Title page for ETD etd-01232012-115608


Type of Document Dissertation
Author Negulescu, Ioan-Horia
Author's Email Address inegul1@tigers.lsu.edu
URN etd-01232012-115608
Title Defense Gland Protein from Coptotermes Formosanus
Degree Doctor of Philosophy (Ph.D.)
Department Biochemistry (Biological Sciences)
Advisory Committee
Advisor Name Title
Laine, Roger A. Committee Chair
Henderson, Gregg R. Committee Member
Lee, Yong-Hwan Committee Member
Johnson, Charles E. Dean's Representative
Keywords
  • Defense gland protein
  • Coptotermes
Date of Defense 2011-12-15
Availability unrestricted
Abstract
Coptotermes formosanus Shiraki is the most invasive termite species and has the largest economic impact of all the subterranean termites in the US. Although a lot of work has been done on the determination of chemical composition of frontal gland secretion from different families of termites, the protein component of those secretions was relatively overlooked.

This study started with the observation that proteins are present in the frontal gland secretion of Coptotermes formosanus Shiraki soldiers. The goal was to characterize one of these proteins by identifying its DNA sequence which would lead to protein sequence, function, structure and role it plays in the defense of Coptotermes formosanus Shiraki.

The protein cloned named TFP4 and analysis of its sequence revealed a molecular weight of 6853 Daltons. The sequence was compared with those of known proteins in NCBI's data base and similarities with other proteins analyzed. Two functions were assigned to TFP4, lysozyme and serine protease inhibitor.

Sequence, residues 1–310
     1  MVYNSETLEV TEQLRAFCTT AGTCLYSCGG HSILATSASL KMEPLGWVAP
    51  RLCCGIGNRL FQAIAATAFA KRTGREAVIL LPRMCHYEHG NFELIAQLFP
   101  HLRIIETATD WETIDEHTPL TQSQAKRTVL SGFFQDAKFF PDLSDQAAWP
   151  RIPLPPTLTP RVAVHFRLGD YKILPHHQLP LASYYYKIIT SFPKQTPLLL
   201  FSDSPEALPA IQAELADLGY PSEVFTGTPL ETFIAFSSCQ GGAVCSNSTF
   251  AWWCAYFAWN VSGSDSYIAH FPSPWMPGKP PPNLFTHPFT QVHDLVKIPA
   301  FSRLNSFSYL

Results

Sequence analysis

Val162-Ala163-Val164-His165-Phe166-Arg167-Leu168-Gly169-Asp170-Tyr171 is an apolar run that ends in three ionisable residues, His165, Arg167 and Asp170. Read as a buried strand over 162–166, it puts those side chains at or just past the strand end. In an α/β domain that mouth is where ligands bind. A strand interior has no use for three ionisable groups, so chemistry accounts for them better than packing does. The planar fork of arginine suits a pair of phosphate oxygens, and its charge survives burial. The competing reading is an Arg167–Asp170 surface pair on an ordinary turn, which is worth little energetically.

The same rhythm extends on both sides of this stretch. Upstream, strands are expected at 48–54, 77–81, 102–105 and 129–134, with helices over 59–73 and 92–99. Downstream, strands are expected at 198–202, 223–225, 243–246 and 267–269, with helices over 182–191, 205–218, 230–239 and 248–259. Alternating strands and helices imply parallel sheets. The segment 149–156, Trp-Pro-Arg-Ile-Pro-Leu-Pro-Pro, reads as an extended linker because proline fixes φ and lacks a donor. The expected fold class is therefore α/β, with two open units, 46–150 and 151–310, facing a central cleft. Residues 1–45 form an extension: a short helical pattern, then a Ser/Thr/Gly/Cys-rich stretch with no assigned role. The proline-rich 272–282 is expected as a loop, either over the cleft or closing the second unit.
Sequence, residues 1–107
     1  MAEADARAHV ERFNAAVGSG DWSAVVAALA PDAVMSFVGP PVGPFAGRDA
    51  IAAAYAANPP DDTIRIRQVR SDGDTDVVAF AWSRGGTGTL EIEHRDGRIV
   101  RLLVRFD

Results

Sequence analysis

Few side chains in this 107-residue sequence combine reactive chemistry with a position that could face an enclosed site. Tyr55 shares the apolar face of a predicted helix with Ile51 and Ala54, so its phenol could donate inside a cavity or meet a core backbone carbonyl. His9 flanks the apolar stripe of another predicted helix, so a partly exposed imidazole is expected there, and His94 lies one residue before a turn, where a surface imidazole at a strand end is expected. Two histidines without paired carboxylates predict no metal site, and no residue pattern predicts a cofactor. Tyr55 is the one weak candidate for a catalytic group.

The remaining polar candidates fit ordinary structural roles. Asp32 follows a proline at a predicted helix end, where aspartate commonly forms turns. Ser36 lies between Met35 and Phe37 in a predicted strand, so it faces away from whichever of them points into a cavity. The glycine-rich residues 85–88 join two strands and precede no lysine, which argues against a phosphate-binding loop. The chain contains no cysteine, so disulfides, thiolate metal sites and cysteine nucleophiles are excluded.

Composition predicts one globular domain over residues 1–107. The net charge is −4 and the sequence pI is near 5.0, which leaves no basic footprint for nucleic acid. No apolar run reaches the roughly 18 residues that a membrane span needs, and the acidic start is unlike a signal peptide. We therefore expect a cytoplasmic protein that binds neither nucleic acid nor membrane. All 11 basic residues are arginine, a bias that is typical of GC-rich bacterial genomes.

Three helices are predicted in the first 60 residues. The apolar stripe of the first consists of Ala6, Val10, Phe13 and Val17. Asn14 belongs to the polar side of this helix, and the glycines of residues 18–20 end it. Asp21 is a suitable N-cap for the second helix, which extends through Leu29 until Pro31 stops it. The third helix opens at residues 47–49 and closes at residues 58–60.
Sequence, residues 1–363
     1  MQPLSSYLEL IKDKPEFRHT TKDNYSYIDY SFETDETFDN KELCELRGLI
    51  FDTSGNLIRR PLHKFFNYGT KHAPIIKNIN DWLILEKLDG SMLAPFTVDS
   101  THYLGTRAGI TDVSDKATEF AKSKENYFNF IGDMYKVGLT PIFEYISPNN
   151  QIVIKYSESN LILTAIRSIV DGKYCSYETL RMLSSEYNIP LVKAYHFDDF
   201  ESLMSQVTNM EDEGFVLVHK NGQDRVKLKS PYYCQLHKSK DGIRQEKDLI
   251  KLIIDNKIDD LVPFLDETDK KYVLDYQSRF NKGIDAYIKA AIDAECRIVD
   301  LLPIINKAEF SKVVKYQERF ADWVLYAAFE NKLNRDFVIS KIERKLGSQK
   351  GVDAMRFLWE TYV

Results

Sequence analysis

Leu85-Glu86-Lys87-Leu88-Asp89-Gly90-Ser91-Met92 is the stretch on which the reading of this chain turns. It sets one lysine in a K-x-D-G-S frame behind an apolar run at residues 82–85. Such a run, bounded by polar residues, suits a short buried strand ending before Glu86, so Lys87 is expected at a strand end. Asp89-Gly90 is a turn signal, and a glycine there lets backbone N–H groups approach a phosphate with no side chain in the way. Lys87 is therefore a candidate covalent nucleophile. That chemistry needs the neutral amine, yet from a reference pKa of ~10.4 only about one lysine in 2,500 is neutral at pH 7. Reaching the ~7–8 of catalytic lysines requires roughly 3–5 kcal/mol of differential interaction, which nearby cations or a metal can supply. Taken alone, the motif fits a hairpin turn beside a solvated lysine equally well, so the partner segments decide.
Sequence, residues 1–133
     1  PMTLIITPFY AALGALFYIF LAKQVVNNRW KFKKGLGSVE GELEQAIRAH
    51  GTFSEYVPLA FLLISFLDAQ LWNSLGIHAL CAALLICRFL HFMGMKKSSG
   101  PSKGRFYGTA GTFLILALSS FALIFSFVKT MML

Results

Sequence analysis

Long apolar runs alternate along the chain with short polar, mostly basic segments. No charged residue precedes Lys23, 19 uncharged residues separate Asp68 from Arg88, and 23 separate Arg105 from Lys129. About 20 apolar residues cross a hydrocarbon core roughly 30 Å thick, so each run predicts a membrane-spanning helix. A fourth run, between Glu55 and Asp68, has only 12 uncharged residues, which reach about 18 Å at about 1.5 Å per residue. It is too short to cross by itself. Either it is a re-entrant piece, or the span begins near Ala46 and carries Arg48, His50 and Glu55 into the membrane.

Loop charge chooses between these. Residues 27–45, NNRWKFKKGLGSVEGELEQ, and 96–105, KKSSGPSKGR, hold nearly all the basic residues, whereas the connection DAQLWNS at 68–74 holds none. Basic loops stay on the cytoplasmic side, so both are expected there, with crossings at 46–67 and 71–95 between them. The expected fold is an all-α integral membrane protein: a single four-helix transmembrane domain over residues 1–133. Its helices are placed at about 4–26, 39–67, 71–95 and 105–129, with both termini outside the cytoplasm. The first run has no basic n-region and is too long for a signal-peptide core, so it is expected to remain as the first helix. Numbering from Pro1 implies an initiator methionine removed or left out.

The lysozyme function was assayed using a zymogram and a fluorometric assay. The zymogram showed clear zones where TFP4 had migrated indicating the β-(1,4) glucosidic linkages between N-acetyl-muramic acid and N-acetyl-D-glucosamine in the cell wall of Micrococcus lysodeikticus were hydrolysed. The fluorometric assay showed the fluorescent molecule which was embedded in the cell wall of Micrococcus lysodeikticus was released in solution upon addition of TFP4.

The serine protease assays tested the effect TFP 4 addition has on the reaction rates of trypsin, chymotrypsin and elastase with their respective substrates. The rate was unchanged in trypsinís assay but chymotrypsin and elastase were inhibited by TFP4.

In conclusion, we strongly suggest the existence of a protein of 6853 KDa with dual functions, lysozyme and serine protease inhibitor (chymotrypsin and elastase) in the defensive secretion of frontal gland of Coptotermes formosanus Shiraki soldiers. The inhibitor function is assigned to an exposed loop from Cys4 to Cys16 which functions as a substrate analog and employs a competitive inhibition mechanism for the inhibition of chymotrypsin while the lysozyme function is putatively assigned to a pocket between the β-hairpin structure containing Gln23 and the region at the C-terminus containing Glu45.

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